February, 2001 dialogue between The Massachusetts Department of Insurance and Antone P. Braga concerning property insurance "Standard Policy" that covers damage done by disasters:
(DOI wrote:) 1. The policy changes are not an "erosion of the insureds authority or position". In all cases, it is a broadening:
(Braga wrote:) ^It is precisely that broadening that has weakened the consumer's position. When once it was clear and defined, it is now up for interpretation. When once it was clearly a responsibility and authority of the policyholder to file the claim, it is now broadened into a statement of loss at the request of the insurance company. When once there was leverage for a timely response there is a weakening.
(DOI wrote:) 2. "Proof of loss: is a sworn statement by the insured about the loss which the Standard Fire Policy mandated for every claim: this was in addition to the requirement that the insured file a claim "as soon as practical". The current policy does not require a proof of loss except when requested by the insurer.
(Braga wrote:) ^A Proof of Loss is a "claim" and also a formal demand for payment, and carries with it time limits for a response by the insurance company. The current policy not only does not require a proof of loss, it puts that right over to the insurance company's request. I'm flabbergasted that you see this as helping the consumer. I'm sorry, but is not at all helpful to lose leverage (authority) in adjusting.
(The DOI wrote) 3. The Standard Fire Policy set a rigid timetable for appraisal. The new ISO commercial lines policy adopted a "prudent man" standard, backed up the Unfair Claim Practices Act and the various unfair business acts. Under these acts, an insurer can be held liable for treble damages if it unfairly drags its feet on appointing an appraiser or paying the award.
(Braga wrote:) ^I'm familiar with the N.A.I.C. Unfair Claims Settlement Practices Model Regulation and the current N.A.I.C. Unfair Property/Casualty Claims Settlement Practices Model Regulation and can only say after careful comparison of the old and the new that consumers get the short end of the stick in many areas, while greater latitude is given over to insurance companies. I have that detailed if you want me to provide my lengthy comparison of actual wording changes. I would take the reasonable (specific) time limits that we had for many decades, any day, over interpretation of the terms "reasonable" or "prudent".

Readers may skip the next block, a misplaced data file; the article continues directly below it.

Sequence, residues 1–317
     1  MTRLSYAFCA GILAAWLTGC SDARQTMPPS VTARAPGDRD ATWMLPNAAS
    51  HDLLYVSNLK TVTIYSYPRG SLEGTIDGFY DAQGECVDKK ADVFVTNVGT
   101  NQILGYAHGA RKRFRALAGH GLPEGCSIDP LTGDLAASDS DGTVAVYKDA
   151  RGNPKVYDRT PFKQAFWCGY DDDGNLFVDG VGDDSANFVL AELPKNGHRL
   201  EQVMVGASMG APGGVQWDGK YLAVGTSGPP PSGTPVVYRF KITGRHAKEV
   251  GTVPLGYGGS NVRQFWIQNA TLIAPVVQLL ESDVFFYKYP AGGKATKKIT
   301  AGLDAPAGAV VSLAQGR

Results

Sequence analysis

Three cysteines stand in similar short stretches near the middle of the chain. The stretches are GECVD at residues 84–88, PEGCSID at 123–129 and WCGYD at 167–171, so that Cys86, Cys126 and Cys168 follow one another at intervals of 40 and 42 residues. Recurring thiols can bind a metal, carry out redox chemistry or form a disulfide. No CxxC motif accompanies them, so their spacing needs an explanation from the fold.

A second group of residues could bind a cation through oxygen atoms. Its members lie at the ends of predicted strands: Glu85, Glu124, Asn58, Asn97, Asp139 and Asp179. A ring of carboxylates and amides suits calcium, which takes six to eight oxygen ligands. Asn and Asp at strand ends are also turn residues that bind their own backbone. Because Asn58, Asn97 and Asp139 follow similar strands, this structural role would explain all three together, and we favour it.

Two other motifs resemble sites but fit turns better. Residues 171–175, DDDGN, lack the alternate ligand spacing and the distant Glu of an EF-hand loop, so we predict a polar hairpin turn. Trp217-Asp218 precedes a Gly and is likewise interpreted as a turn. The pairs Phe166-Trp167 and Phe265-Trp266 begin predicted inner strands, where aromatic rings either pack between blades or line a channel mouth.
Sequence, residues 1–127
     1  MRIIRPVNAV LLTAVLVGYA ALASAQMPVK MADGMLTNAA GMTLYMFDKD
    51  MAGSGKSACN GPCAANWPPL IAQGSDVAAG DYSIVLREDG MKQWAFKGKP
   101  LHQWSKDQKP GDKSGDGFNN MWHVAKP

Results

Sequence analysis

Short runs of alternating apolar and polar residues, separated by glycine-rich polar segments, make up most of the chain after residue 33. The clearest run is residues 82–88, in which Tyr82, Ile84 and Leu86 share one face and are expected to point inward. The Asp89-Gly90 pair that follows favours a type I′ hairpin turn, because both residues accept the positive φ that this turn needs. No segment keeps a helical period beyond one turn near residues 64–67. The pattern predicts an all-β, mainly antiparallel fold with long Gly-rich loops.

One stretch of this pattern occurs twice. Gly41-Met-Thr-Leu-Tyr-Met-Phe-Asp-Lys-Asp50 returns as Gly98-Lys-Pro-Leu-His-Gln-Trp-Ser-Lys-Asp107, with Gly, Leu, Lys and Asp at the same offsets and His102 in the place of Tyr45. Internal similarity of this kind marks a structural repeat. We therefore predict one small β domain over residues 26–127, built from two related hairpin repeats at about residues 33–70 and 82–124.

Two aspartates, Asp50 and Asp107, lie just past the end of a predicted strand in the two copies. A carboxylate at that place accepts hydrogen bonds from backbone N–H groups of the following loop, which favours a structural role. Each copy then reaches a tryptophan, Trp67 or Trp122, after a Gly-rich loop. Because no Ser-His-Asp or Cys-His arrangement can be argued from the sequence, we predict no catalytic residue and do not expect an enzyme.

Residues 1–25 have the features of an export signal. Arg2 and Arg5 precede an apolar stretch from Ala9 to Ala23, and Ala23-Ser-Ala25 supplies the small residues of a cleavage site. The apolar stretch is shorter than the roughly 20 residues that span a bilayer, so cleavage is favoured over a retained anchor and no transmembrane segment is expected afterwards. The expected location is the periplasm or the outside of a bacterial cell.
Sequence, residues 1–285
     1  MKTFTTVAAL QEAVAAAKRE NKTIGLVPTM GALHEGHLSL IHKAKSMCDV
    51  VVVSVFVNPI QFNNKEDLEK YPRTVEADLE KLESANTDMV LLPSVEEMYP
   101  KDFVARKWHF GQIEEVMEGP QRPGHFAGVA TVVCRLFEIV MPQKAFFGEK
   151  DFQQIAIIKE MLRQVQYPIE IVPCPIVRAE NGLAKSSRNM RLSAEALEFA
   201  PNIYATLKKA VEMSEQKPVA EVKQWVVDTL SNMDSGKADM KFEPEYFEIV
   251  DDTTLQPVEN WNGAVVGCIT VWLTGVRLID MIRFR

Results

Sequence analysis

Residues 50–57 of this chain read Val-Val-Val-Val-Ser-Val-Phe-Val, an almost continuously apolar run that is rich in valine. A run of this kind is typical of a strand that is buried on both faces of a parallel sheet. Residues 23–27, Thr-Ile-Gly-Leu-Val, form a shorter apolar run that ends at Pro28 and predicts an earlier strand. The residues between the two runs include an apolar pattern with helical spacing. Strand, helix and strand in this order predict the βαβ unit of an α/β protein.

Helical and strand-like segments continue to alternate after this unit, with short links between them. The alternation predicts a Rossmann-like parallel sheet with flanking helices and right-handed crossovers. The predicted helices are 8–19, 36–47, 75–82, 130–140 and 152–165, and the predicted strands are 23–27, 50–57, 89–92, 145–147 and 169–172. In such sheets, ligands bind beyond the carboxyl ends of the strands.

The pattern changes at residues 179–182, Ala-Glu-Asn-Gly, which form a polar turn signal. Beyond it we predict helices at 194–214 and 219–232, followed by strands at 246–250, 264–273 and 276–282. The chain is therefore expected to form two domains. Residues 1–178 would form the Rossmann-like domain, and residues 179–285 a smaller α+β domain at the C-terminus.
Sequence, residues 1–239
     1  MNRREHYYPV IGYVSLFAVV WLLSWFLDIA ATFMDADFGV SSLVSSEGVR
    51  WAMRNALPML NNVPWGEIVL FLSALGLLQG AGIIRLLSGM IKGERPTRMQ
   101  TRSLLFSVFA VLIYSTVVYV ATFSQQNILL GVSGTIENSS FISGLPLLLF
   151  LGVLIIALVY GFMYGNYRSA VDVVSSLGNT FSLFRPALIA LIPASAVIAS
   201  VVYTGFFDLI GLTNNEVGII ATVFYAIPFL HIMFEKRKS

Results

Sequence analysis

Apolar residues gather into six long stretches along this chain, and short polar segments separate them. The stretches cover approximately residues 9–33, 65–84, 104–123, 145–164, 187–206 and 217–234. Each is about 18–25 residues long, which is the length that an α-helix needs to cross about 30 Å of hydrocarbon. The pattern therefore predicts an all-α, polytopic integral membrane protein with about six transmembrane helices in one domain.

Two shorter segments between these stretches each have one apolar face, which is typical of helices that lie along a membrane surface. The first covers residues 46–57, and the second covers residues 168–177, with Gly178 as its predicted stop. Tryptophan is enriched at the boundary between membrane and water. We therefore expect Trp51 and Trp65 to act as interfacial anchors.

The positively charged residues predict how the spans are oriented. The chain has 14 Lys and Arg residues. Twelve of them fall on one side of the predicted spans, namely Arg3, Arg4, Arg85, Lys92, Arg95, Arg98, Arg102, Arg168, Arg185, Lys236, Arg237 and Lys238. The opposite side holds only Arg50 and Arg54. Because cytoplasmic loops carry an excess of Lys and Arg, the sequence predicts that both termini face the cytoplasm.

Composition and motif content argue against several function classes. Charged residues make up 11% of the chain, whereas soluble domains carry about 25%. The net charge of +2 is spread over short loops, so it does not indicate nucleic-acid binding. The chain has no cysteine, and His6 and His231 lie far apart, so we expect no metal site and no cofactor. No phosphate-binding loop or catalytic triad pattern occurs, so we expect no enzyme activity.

(The DOI wrote:) The Standard Fire Policy set a rigid timetable which an insurer could use to its advantage: on the 15th day after the appointment of the appraiser, it could declare an impasse, and file with a court of its own choosing (which, under a commercial policy, might be any where in the country) to appoint an umpire - three guesses who the umpire would be likely to favor? Under the current policy, if the two appraisers are able to settle the disagreement without an umpire, there is no need to spend the money appointing one.
(Braga wrote:) ^It has been my experience that umpires only charge for actual services rendered in resolving issues in which the appraisers cannot agree. By selecting an umpire before an impasse there is an established set of parties to the transaction. Can you imagine playing a ball game and waiting until you have a disagreement before you decide who should umpire? The only impasse I can imagine is if the appraisers could not agree on an umpire, and I think there is every bit as good a chance of an unbiased umpire being selected by the court, as there is in selection by the appraisers, after all, they try to get the umpire that is most likely favorable to each of them. It is only human nature.
To Insurance Consumers:
Unbeknown to the American Indian, sophisticated treaty wording led in large part to demise of authority and rights. Now comes an even larger group having their intrinsic authority and rights evaporate into the thin air of sophisticated wording: the insurance consumer. This is a major set-back for us all: property insurance policyholders (auto, home, business, boat, etc.).
In keeping with how insurance was set up in the first place, authority rests with the policyholder for presenting the claim, subject to review, audit, negotiation and adjustment. The companies need no more than the authority they have had for centuries under property insurance, i.e., receive and consider the claim filed by the policyholder.
A Statement of Loss is not a Proof of Loss. A Proof of Loss is a "claim." A Statement of Loss carries less weight and less leverage for the policyholder. This new wording may be enforced so that unless the insurance company requests you file a "claim" you may no longer have that authority. You may simply be able to submit a statement of loss if it is requested and wait for the insurance company to adjust your loss the way they see fit. It is no favor to have your responsibility taken away when it means losing YOUR RIGHT OF AUTHORITY. Now that the policyholder's right to make a "claim" is being eliminated in favor of statement of loss language at the request of the insurance company...try to imagine where the policyholder now stands with regard to rules governing insurance company behavior, when those rules are predicated on company behavior following the policyholder filing a "claim."
The insurance company control over what they want from you and when they want it, is the new standard. This final affront leaves no doubt and is far too costly, the guest has taken charge of the host, and with the apparent blessing of insurance authorities. There is no question who paid the insurance premium, but the new question is:
We must now set-out to win back our right to make a "claim"...a long road indeed, and one that can only be travelled through awareness from the bottom to the top. It affects us all.
In the meantime, best of luck with your insurance claims.
Antone P. Braga